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Could state pension be denied a £902 triple lock boost, as officials consider tweaking calculations?


Could state pension be denied a £902 triple lock boost, as officials consider tweaking calculations?

  • Pensions should increase by 8.5 per cent next year under the ‘triple lock’ pledge

Pensioners could be denied the full £902-a-year boost they are expecting from April as Whitehall officials consider tweaking the figures used to calculate it.

Earnings growth figures published yesterday confirmed the state pension should increase by 8.5 per cent next year under the ‘triple lock’ pledge, which guarantees a rise in line with the highest of inflation, wage growth or 2.5 per cent.

Today’s publication of September’s inflation figure, which remained unchanged from August at 6.7 per cent confirmed that.. 

But officials have warned that the Government is looking at plans to swerve the full increase. They argue the figures are artificially high and ‘distorted’ by one-off public sector bonuses and wage settlements.

These distortions are estimated to have inflated wage growth by between 0.5 and 1 percentage points, Whitehall officials have said. The Government may choose to strip out bonuses paid to NHS staff and civil servants in a move that could save the Treasury hundreds of millions of pounds.

Earnings growth figures published yesterday confirmed the state pension should increase by 8.5 per cent next year under the ¿triple lock¿ pledge

Earnings growth figures published yesterday confirmed the state pension should increase by 8.5 per cent next year under the ‘triple lock’ pledge

The Office for National Statistics said yesterday that earnings growth had been ‘affected’ by one-off payments between June and August.

A full new state pension ¿ typically offered to those who reached state pension age after April 2016 ¿ could rise from £203.85 per week to £221.20 next year

A full new state pension – typically offered to those who reached state pension age after April 2016 – could rise from £203.85 per week to £221.20 next year

As a result, retirees could receive up to £105 less than they are expecting if the state pension rises by 7.5 per cent rather than the full 8.5 per cent. 

Former pensions minister Sir Steve Webb, a partner at consultancy LCP, said the move would not require legislative changes since Work and Pensions Secretary Mel Stride has the power to define ‘earnings’.

Technically, the Government would not be breaking the triple lock, said Mr Webb, but it would be an ‘obvious fiddle’.

Wages outstrip inflation 

Wages are growing faster than prices for the first time since October 2021, latest figures have revealed.

The Office for National Statistics said regular pay grew in real terms by 0.7 per cent in the three months to August. Actual wage rises have hit record levels – 7.9 per cent in the three months to July and 7.8 per cent in the three months to August.

Inflation, which peaked at 11.1 per cent a year ago, stood at 6.7 per cent in August. Figures for September published today are expected to show it inching down further to 6.6 per cent.

He added: ‘I would be astonished if the uprating the year before a general election was lower than standard. It would be an obvious fiddling with the figures.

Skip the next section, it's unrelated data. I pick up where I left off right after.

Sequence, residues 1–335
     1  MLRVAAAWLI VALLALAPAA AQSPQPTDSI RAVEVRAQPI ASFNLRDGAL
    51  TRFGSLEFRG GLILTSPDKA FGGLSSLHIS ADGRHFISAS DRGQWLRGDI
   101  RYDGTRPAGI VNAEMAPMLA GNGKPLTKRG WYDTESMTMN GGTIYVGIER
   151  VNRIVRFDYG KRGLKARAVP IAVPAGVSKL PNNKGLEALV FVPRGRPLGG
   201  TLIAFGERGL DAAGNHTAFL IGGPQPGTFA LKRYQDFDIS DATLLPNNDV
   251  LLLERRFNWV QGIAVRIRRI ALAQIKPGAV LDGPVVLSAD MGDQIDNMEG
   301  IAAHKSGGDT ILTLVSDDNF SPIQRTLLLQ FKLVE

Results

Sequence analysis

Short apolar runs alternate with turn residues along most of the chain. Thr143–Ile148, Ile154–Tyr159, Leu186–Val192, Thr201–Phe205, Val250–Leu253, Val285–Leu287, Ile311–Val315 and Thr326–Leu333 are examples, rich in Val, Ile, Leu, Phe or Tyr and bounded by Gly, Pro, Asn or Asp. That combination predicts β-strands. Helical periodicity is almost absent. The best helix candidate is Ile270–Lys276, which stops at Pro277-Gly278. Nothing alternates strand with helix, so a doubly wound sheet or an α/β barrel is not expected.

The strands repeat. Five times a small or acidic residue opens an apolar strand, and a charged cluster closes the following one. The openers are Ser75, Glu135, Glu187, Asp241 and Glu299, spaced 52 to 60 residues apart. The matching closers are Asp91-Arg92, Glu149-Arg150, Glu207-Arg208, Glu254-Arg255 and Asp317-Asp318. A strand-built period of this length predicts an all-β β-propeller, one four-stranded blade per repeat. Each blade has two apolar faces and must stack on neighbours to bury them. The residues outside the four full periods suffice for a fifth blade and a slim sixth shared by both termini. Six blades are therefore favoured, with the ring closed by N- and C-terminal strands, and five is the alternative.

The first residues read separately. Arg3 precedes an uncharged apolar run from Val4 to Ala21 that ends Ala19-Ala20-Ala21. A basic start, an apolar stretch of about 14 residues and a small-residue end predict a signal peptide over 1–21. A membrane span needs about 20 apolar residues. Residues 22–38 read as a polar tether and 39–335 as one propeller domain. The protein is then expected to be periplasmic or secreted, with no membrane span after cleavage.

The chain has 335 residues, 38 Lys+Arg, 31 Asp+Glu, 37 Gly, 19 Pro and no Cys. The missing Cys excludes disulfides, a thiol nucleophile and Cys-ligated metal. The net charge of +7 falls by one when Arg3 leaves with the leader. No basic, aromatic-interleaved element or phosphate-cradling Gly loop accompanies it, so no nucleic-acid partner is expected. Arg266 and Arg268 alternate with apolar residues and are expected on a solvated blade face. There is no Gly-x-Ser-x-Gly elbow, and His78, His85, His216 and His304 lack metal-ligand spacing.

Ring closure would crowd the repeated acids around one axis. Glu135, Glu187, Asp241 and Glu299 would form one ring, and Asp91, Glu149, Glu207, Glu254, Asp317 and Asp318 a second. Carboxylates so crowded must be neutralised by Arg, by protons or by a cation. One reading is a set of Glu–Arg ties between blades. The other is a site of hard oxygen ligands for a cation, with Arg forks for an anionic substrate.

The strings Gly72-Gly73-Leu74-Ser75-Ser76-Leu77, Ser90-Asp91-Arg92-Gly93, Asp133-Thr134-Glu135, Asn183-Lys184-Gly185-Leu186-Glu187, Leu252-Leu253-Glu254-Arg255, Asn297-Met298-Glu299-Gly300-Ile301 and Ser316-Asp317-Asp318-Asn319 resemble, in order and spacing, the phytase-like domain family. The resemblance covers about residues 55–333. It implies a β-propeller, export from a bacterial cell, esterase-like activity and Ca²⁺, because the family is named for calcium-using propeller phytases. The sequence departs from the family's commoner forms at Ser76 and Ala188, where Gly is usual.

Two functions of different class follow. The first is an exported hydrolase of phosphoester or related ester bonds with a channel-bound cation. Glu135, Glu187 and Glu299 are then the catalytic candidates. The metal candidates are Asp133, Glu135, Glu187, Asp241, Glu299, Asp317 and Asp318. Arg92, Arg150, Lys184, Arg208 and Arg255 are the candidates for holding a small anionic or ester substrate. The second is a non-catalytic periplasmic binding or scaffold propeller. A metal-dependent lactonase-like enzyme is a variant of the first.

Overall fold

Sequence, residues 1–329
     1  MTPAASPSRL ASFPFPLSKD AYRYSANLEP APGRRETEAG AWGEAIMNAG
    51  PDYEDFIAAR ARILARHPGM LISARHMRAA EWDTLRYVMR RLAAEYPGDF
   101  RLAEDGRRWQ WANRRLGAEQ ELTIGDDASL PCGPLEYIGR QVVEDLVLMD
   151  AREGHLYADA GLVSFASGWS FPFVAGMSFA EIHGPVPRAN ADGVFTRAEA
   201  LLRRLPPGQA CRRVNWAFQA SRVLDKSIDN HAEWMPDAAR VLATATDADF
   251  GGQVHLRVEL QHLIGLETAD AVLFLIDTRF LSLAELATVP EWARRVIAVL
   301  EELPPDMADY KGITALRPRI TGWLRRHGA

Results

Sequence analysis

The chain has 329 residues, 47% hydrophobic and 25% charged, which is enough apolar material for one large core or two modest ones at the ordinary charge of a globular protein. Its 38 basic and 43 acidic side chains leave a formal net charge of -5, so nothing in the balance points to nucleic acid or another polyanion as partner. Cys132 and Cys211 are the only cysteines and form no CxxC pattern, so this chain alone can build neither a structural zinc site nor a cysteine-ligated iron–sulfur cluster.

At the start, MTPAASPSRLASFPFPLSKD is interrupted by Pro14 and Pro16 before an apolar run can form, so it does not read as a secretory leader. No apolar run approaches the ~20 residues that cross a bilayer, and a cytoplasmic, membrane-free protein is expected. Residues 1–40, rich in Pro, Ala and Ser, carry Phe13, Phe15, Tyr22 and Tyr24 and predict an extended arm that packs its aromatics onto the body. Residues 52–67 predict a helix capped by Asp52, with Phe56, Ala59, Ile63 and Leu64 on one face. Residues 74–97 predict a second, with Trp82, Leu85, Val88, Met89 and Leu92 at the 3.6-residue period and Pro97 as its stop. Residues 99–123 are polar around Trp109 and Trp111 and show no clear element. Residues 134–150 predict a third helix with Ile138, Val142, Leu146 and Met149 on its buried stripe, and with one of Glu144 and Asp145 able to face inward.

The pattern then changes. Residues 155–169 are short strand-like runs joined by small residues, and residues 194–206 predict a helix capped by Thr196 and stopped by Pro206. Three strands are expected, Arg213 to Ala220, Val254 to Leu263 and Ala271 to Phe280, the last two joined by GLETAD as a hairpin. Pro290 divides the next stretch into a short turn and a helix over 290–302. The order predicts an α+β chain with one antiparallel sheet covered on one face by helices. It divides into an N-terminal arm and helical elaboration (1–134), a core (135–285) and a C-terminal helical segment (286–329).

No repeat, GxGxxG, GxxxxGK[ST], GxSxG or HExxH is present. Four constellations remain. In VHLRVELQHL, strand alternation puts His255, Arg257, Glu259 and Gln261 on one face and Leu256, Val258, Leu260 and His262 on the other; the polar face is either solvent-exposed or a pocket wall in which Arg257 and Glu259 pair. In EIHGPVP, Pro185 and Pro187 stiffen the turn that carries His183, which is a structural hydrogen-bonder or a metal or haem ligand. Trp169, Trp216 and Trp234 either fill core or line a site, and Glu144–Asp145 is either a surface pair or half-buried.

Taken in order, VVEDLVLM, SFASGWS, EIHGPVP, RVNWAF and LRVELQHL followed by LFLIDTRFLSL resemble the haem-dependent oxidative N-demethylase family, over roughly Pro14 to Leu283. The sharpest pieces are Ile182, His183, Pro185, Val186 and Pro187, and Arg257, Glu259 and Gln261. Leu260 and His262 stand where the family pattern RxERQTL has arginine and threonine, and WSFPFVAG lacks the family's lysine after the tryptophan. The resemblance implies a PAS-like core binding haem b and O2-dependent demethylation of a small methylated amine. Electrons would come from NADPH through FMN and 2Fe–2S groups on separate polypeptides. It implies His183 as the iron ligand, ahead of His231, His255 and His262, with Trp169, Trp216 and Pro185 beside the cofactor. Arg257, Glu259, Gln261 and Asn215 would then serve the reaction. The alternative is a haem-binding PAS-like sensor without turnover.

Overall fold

‘They can’t just use a new figure whenever it’s not the one they wanted.’

Last year ministers denied pensioners what would have been a record rise, suspending the triple lock as inflation surged to a 40-year high. 

It came after the Government identified ‘distortions’ in earnings growth figures as workers came off the Covid furlough scheme. In April 2022, the state pension rose by 3.1 per cent instead of the expected 8.1 per cent.

However, the Government honoured the triple lock in April this year by raising it 10.1 per cent, in line with the inflation figure this time last year. 

An 8.5 per cent hike next year would cost the Treasury £8 billion, raising the state pension by £17.35 a week to £221.20. 

The decision is due to be announced by the Chancellor in his Autumn Statement next month.

Steven Cameron, of pensions provider Aegon, said ‘it would be a brave Government to manipulate the figures before a general election’.

How much is the state pension? 

The full flat rate state pension is £203.85 a week or an annual £10,600.

People who retired before April 2016 on a full basic state pension receive £156.20 a week or £8,120 a year.

The old basic rate is topped up by additional state pension entitlements – S2P and Serps – if they were earned during working years.

People who have contracted out of S2P and Serps to pay less National Insurance over the years and retire after April 2016 might get less than the full new state pension. 

Workers now need to have 35 years of contributions to get the new flat rate state pension, compared with 30 years of qualifying National Insurance contributions to get the old state pension.

But even if you paid in full for a whole 35 years or more, if you contracted out for some years it might still reduce what you get. 

Everyone gets the option of deferring their state pension to get more in their later years and you can buy state pension top-ups to fill in gaps.



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